Victim's Family Relieved By Leuthold Verdict

It was a bittersweet victory for the parents of Denise Leuthold as their daughter's killer was found guilty of first degree murder. 

Diane and Doug Newton said they were relieved to see the jury come back with a conviction for Nathan Leuthold on Monday evening after a little more than an hour and a half of deliberations. Leuthold was accused of shooting to death his wife, the Newtons' daughter, at their North Peoria home on Valentine's Day 2013. Neither expressed anger at their son-in-law, but were glad to see that justice had been served after six days of testimony that were preceded by 15 months of uncertainty. 

"The peace in our heart, we've had that since the beginning. [Denise is] where God wants her to be. But of course, we're just glad things have come to a conclusion," said Doug Newton.

Diane Newton said it wasn't only justice for her daughter that was on her mind as she worried about whether or not Leuthold would be found guilty. Her mind was pulled towards the welfare of her grandkids, whom she and her husband have been taking care of since Leuthold was first taken into custody.

"There was a time we felt scared. You know, what would happen to us or the kids if he were released?" she said. 

The Newtons say the children have been out of state since the trial began so they didn't have to be exposed to the intense media coverage of the proceedings. 

State's Attorney Jerry Brady and Assistant State's Attorney Jodi Hoos were also relieved to see the guilty verdict handed down, especially because they were never able to put the gun in Leuthold's hand, so to speak. The evidence the two prosecutors presented merely showed that Leuthold very well could have killed his wife, but never firmly put him at the scene of the crime. But apparently, it was enough. 

"The evidence was direct, in spite of it being entirely circumstantial. The jury probably saw through to what the defendant had done," Brady said. 

What seemed to be among the most damning piece of evidence was a series of Internet searches made on Leuthold's computer. Search items included questions on how to poison someone with insulin, how to electrocute a person, and how to muffle the sound of a gunshot. One search even specifically mentioned a Glock .40, the gun police believe was used to kill Denise Leuthold, and a weapon that Nathan Leuthold owned. The search history didn't just look bad on its own; it corroborated testimony from David Smith, a jail inmate who says Leuthold told him all about the murder.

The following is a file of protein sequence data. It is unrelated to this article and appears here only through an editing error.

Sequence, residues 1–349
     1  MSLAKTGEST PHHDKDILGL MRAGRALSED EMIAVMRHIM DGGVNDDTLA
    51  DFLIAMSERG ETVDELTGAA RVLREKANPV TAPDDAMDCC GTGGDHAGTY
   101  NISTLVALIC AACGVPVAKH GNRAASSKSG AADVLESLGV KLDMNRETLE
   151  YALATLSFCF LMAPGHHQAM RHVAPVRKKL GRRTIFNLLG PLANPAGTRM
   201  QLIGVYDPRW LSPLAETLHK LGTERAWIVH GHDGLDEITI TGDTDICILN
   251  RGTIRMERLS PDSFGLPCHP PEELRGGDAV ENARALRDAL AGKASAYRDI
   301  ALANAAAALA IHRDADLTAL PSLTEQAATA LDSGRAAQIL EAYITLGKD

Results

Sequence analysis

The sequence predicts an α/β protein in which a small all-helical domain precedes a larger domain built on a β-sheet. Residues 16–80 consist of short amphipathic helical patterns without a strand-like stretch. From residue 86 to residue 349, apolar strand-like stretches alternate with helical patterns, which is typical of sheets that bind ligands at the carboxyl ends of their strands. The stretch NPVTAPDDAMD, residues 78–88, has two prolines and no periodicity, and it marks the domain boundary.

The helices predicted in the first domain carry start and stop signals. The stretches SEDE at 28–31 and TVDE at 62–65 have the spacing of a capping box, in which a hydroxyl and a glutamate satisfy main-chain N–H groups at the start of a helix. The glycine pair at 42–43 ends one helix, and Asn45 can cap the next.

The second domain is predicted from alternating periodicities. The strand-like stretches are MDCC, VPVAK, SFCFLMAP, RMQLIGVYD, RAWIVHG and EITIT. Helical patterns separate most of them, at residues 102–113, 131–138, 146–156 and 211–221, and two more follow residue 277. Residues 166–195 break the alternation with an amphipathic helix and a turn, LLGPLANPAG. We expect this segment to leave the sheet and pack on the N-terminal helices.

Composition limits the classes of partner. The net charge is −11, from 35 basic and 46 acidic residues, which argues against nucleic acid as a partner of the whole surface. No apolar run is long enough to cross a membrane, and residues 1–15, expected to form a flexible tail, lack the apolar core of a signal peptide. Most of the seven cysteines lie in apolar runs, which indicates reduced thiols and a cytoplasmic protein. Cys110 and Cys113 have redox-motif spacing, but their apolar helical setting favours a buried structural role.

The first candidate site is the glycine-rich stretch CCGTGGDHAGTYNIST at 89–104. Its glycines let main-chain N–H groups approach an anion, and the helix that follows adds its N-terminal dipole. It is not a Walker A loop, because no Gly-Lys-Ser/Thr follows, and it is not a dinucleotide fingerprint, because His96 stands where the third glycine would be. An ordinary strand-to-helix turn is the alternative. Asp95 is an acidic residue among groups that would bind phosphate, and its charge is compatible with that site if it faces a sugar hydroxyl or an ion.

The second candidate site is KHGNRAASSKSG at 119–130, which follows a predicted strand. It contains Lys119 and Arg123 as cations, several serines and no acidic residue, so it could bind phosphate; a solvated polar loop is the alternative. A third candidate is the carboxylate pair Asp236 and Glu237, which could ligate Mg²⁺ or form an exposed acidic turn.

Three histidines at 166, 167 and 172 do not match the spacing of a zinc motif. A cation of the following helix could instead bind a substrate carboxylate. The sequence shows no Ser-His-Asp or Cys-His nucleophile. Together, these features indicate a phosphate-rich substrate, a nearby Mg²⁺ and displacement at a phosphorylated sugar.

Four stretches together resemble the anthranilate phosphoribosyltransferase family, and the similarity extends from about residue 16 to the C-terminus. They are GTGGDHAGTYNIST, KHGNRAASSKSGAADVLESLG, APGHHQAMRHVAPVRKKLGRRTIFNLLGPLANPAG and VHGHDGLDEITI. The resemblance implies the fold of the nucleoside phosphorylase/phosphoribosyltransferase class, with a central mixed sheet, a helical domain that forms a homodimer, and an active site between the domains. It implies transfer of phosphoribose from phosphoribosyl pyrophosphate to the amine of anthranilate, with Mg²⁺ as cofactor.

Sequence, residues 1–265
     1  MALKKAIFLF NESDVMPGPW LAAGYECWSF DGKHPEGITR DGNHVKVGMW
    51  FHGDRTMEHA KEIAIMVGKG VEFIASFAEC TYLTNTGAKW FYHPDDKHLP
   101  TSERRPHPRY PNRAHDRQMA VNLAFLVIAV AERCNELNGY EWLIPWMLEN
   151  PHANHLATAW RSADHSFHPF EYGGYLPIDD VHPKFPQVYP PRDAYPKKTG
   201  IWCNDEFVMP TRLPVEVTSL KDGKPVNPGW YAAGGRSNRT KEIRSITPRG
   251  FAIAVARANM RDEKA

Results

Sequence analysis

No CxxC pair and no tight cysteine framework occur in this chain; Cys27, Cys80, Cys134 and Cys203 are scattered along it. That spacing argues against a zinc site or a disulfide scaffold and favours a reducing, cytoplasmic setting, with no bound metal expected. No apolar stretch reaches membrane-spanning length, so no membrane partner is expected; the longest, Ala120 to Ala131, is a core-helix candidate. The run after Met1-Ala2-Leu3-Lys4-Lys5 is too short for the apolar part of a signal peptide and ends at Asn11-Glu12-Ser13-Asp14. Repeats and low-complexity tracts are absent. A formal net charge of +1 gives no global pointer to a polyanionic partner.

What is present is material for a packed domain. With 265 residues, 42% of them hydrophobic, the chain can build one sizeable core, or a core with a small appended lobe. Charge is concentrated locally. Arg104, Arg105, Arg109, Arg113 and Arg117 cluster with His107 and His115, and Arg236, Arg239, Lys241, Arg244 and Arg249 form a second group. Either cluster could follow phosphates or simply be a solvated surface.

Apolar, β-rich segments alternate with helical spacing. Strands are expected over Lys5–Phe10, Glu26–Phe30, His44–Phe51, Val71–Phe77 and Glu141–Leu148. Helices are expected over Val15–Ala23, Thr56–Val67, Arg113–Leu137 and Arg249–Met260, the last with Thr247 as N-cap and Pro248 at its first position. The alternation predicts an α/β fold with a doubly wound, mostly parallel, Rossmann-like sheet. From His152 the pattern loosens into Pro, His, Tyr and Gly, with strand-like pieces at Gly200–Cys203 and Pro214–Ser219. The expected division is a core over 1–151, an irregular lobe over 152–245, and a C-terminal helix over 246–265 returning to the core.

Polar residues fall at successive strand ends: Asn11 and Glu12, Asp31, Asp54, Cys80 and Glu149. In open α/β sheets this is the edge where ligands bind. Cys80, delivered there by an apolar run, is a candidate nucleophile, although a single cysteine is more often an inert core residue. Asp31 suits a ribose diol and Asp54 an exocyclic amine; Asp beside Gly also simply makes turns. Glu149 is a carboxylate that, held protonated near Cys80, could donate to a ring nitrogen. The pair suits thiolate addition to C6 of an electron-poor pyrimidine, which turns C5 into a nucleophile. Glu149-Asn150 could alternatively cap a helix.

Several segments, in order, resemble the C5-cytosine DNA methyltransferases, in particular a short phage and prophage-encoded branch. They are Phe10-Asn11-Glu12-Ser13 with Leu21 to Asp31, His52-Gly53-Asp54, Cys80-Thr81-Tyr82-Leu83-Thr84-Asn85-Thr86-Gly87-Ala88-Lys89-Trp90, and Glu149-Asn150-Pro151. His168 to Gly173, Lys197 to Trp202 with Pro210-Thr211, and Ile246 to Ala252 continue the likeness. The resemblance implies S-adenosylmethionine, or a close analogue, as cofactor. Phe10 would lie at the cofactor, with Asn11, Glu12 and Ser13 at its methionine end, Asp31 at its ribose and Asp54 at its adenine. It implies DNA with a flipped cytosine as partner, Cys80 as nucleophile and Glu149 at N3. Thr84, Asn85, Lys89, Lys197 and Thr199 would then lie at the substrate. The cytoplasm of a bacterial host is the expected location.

The prosecution also pointed to an apparent love affair between Leuthold and a Lithuanian student he sponsored as his motive for the murder, arguing that Leuthold wanted to get his wife out of the way so he could be with his "real Valentine." Emails, text messages, phone calls, and bank transactions showed that Leuthold was more than just a sponsor for Aina Dobilaite, although both she and Leuthold maintain their relationship was never sexual. 

Brady says all of the evidence, however circumstantial it may be, proves that the murder of Denise Leuthold was not the work of a burglar who panicked after being caught in the act. Instead, it shows her husband had an intense desire to end her life. 

"He planned it, he calculated it, then found the opportunity that was most effective," Brady said. "And then, he executed his wife."

Dobilaite's involvement in the crime had also been brought up over the course of the trial. Prosecutors showed a text message she sent shortly after Leuthold told her police were investigating a burglary. The text message simply read, "Interesting :)". While prosecutors say that short message is suspicious, they will not be seeking charges against Dobilaite. 

"Even though we think that she knew what was happening, simply having knowledge of a crime, that a crime did occur or will occur, is not accountability in Illinois. So, even knowing something, we wouldn't have been able to charge her," said Hoos. 

Dobilaite was also granted immunity in exchange for her testimony. But given the fact that the State was not seemingly able to charge her with a crime to begin with, it seems that the offer of immunity was more of a strategic move on the part of the prosecution to get Dobilaite to take the stand without pleading the fifth. 

"That's a fair assessment," Brady said. 

Leuthold showed little emotion when the verdict was read to him, and he remained stolid as he was carted out of the courtroom in handcuffs. He will be sentenced for the crime September 10. 

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